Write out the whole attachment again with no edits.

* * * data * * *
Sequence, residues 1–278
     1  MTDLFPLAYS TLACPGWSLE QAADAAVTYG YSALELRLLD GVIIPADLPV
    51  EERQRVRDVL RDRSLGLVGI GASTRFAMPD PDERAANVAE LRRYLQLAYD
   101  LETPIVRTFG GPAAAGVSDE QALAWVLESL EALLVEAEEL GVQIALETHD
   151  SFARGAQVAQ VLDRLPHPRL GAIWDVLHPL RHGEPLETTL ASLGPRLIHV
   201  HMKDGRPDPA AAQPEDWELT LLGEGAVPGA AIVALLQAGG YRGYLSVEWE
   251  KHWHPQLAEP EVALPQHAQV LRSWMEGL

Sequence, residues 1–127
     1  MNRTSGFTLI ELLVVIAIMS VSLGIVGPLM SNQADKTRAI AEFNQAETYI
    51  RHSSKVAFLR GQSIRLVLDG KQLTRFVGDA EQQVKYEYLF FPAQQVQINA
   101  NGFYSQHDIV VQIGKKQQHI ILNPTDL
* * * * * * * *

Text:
Sequence, residues 1–278
     1  MTDLFPLAYS TLACPGWSLE QAADAAVTYG YSALELRLLD GVIIPADLPV
    51  EERQRVRDVL RDRSLGLVGI GASTRFAMPD PDERAANVAE LRRYLQLAYD
   101  LETPIVRTFG GPAAAGVSDE QALAWVLESL EALLVEAEEL GVQIALETHD
   151  SFARGAQVAQ VLDRLPHPRL GAIWDVLHPL RHGEPLETTL ASLGPRLIHV
   201  HMKDGRPDPA AAQPEDWELT LLGEGAVPGA AIVALLQAGG YRGYLSVEWE
   251  KHWHPQLAEP EVALPQHAQV LRSWMEGL

Sequence, residues 1–127
     1  MNRTSGFTLI ELLVVIAIMS VSLGIVGPLM SNQADKTRAI AEFNQAETYI
    51  RHSSKVAFLR GQSIRLVLDG KQLTRFVGDA EQQVKYEYLF FPAQQVQINA
   101  NGFYSQHDIV VQIGKKQQHI ILNPTDL